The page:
MSF is deeply concerned over deportations of Afghans from Pakistan

An estimated 800,000 Afghans are vulnerable to being forcibly returned to the place they fled, facing poverty, inadequate health services, and restrictions on women.

A view of a street in Pashtunabad neighborhood, Pakistan.

Pakistan 2022 © Saiyna Bashir

In November 2023, Pakistan announced a national deportation operation of those deemed “illegal foreigners,” including Afghans who have spent the majority of their lives in Pakistan. Since November 2023, Pakistan has deported at least 500,000 people, and has announced it will expel Afghan Citizen Card holders after April 15.

NEW YORK, April 16, 2024 — In the wake of the recent announcement by Pakistani authorities that phase two of the repatriation plan of Afghans in the country would begin after April 15, Doctors Without Borders/Médecins Sans Frontières (MSF) is deeply concerned for the rights and welfare of those impacted by the latest round of deportations. 

Pakistan is home to an estimated 3.7 million Afghans, and a reported 500,000 have been deported so far. Many Afghans living in Pakistan have been there for decades and have spent more time in the country than their country of origin, without any legal recourse to remain in the only place they call home.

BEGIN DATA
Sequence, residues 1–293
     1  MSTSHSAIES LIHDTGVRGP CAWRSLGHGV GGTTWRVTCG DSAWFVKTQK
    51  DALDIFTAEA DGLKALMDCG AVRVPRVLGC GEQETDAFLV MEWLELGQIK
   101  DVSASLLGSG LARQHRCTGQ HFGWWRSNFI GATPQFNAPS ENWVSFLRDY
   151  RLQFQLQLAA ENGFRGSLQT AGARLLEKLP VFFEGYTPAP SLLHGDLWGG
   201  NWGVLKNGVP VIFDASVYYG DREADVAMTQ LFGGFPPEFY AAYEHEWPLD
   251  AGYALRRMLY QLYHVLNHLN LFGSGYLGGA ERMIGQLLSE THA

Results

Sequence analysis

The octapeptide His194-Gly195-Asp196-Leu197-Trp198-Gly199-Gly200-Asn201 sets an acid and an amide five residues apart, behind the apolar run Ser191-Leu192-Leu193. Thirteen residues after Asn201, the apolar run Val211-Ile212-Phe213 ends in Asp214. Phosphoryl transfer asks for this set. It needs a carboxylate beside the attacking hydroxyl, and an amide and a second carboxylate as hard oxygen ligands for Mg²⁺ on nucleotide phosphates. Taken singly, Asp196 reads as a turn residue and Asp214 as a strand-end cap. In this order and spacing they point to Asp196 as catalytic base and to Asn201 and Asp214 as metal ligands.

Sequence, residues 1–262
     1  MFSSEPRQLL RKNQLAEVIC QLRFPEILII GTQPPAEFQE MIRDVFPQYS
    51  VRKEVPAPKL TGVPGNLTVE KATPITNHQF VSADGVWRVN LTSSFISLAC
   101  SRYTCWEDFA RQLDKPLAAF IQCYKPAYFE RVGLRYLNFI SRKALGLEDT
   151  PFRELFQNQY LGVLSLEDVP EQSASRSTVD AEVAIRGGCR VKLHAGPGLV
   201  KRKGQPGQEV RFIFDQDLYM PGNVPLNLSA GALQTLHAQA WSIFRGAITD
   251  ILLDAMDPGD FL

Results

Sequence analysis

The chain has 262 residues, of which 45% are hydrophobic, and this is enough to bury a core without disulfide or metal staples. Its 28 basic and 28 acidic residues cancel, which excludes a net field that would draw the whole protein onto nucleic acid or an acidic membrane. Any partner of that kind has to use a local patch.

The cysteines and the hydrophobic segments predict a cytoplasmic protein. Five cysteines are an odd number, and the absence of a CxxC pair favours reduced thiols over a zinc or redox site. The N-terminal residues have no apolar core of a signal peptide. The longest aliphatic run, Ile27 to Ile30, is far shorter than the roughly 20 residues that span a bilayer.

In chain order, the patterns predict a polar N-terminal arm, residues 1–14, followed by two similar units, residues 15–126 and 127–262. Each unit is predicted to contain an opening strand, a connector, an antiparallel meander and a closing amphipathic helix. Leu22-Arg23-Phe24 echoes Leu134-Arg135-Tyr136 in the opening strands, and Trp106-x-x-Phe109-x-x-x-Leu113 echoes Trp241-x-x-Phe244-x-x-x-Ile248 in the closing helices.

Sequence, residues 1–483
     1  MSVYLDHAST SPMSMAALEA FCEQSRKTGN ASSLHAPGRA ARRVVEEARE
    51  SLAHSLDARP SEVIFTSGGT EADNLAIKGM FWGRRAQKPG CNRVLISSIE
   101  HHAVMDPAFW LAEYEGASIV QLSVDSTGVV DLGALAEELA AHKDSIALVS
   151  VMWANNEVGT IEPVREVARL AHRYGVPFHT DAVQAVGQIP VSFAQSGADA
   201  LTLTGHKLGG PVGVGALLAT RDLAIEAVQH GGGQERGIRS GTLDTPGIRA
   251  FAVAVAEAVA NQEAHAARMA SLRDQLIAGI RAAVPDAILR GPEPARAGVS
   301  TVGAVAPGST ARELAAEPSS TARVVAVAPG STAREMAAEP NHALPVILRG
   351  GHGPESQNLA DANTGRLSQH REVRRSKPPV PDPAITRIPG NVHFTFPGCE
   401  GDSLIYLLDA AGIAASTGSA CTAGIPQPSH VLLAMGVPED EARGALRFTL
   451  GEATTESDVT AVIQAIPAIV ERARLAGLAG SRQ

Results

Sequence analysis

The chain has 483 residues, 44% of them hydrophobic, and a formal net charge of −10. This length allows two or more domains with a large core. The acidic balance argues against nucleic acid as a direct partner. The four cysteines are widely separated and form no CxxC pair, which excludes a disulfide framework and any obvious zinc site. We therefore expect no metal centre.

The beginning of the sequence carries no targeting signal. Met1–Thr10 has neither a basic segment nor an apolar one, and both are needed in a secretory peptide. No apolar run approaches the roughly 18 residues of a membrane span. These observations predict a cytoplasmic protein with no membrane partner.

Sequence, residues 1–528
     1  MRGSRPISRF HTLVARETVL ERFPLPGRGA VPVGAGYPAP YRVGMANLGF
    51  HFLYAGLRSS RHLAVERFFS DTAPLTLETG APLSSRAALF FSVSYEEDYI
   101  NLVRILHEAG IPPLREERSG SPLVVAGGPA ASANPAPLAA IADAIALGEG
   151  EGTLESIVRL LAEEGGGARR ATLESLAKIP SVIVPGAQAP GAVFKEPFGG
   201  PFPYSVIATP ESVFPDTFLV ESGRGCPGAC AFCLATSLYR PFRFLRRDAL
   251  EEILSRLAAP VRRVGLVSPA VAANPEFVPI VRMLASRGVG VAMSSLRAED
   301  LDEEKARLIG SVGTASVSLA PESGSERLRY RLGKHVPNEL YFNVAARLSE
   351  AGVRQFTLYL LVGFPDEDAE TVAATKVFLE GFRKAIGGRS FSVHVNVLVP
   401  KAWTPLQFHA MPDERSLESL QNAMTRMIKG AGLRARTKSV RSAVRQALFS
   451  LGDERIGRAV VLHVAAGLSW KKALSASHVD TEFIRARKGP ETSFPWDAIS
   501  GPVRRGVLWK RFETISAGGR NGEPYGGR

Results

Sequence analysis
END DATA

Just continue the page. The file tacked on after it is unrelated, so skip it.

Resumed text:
For many Afghans, this repatriation means packing up their belongings and carrying them by horse, cart, car, or bus and traveling en masse to a country that is already struggling with widespread poverty, inadequate health services, and increased restrictions on women.

The second phase of the deportations leaves an estimated 800,000 Pakistan-issued Afghan Citizen Card holders vulnerable to return, and at risk of harm, while phase three is expected to result in the further deportation of UNHCR-issued proof of registration card holders.

About our work in Pakistan 

MSF first started working in Pakistan in 1986, and today provides much-needed medical care to people in Balochistan, Khyber Pakhtunkhwa, and Sindh provinces. Access to health care remains a challenge in Pakistan, especially for people in rural communities, informal settlements, and areas affected by conflict. MSF has projects providing reproductive neonatal, and pediatric care; diagnosis and treatment of cutaneous leishmaniasis; diagnosis and treatment of hepatitis C; and diagnosis and treatment of tuberculosis in the country.